These busy people might not spend a lot of time digging through Amazon for new books (and when they do, they’re more likely to stumble across bestsellers, not obscure new indie authors in a very crowded marketplace), but they may love your story, if they simply have a chance to find it. As audio fans, they might browse at Podiobooks or iTunes (sites with, as we mentioned, fewer options in any given genre) and find your work if its there.
3. But do “podiobook” listeners become book buyers?
You might be thinking, but what’s the point of courting these readers if they don’t buy books? First off, I think you’ll find that there’s some crossover (I’ve had people email, saying they’ve enjoyed the EE audiobooks, but since I write and publish ebooks faster than the audiobooks are produced, these folks have gone on to purchase the later ebooks in the series). Even if some listeners never buy anything, they can become an active part of your fan community, recommending the books to friends, some of whom will buy them.
As I mentioned earlier, you’ll also find that there are ways to get professional quality podiobooks into Audible, where you can charge people for complete forever-theirs versions. I haven’t made a fortune that way yet, but I am making some money, and every bit helps when you’re looking to make a career as an author. In addition to helping you increase your fan base, audiobooks can be one more way that you can add to your author income.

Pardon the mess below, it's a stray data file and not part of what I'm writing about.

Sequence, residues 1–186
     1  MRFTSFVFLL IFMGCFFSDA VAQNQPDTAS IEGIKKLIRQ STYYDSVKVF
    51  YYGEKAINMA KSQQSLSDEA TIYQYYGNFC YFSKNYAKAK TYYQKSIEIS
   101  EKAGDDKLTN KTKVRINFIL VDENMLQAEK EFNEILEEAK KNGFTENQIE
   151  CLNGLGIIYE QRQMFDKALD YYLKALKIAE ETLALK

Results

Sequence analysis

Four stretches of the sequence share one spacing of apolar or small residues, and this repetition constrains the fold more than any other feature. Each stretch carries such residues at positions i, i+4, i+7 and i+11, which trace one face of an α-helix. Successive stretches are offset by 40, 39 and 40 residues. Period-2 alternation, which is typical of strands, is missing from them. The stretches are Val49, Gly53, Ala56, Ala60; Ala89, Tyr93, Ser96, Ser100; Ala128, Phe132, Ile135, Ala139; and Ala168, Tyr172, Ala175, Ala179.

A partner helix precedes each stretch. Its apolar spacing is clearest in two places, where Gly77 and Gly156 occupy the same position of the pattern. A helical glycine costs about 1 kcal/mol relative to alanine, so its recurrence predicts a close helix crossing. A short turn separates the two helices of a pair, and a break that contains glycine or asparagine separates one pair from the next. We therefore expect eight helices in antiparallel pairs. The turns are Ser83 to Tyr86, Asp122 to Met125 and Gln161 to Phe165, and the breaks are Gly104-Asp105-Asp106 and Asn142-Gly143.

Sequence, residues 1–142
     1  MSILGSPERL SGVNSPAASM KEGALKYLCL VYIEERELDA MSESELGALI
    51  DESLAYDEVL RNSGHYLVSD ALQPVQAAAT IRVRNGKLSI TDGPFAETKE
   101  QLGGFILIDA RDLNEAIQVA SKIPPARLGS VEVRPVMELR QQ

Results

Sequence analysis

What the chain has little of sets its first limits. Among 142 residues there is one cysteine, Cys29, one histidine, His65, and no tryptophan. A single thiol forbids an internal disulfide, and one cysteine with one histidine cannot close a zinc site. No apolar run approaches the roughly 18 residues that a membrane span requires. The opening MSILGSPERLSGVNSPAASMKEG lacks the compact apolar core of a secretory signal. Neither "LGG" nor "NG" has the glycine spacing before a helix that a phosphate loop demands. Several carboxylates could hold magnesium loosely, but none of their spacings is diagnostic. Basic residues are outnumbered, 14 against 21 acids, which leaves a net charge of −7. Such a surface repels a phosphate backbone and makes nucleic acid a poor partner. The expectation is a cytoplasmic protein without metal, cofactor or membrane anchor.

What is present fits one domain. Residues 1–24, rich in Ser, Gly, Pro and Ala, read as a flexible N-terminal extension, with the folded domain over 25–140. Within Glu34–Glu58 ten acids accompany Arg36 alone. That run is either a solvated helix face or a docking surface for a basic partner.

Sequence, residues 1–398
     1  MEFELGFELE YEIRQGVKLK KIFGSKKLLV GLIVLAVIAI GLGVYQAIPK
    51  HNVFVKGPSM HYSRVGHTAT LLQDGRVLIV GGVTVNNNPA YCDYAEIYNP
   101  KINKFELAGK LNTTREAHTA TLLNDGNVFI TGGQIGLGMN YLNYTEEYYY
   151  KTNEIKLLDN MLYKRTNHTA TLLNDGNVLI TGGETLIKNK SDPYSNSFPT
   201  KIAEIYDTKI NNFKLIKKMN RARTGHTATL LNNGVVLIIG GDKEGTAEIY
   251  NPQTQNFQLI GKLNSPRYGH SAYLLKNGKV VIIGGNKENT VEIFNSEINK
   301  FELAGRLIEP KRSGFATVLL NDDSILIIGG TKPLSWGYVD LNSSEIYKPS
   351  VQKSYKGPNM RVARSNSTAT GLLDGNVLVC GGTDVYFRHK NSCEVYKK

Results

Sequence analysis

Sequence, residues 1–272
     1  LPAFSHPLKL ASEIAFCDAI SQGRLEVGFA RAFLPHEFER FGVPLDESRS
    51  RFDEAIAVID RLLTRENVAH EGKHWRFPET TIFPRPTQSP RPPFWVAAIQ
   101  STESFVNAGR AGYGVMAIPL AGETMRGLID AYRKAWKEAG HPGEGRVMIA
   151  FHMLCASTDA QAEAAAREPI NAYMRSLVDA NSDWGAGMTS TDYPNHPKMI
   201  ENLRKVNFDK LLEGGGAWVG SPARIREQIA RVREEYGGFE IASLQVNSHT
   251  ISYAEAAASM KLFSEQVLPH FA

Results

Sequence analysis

Lindsay Buroker is a successful self-published author with a background in blogging, search engine optimization and internet marketing, among other talents. You can find her at her own website or on Facebook, and don’t forget to check out Emperor’s Edge and her other books on Kobo!
Thank you for posting this for me, Kobo Folks! 🙂
I’m one of the people who came to your work via the audiobooks (and then proceeded to buy up the entire collection).
I spend 1-3 hours a day walking and audiobooks have become essential.(I’ll also use them at work if I have something relatively mindless to do).
It really is important to get the right reader though, Starla Hutchon does a very credible job but I’ve heard other readers make some appalling mistakes (some attempts at accents can be almost physically painful) and they really do jolt the listener out of the story.
Absolutely. I’m in the process of recording all of my novels this way, and already have one podiobook out (soon to be in the Audible store).
If you decide to do it yourself, my only advice is this: you really got to love it. As a new narrator, ten hours per produced hour is MINIMUM. I think it probably takes me longer than that, actually. The learning curve is steep.
A 100,000 word novel will run 14-15 produced hours. So if it’s your first, you’re looking at 150-200 hours of effort. That doesn’t include researching microphones, reading how-to books, and talking to people online to learn how to get started.
That said, if you’ve had some acting or speaking training, and you’ve got enough technical nous to learn how to use sound editing software (or better yet, a DAW), then go for it!
For me, I look forward to finishing my morning word count, then locking myself in my closet and spend an hour or two recording every day.
A good place to start is J. Daniel Sawyer’s Making Tracks.
As an audiobook narrator, I stumbled across this blog in a search. I enjoyed reading it from the author/rights holder perspective. There are lots of truly talented writers out there – just as there are truly talented voice over/narrators – who can benefit a great deal from this kind of marketing: great customer service. If you’ve got something great to offer, let a little of it go for free and they’ll come back to pay for more! I’ll share you article on LinkedIn and Facebook. Thanks for sharing!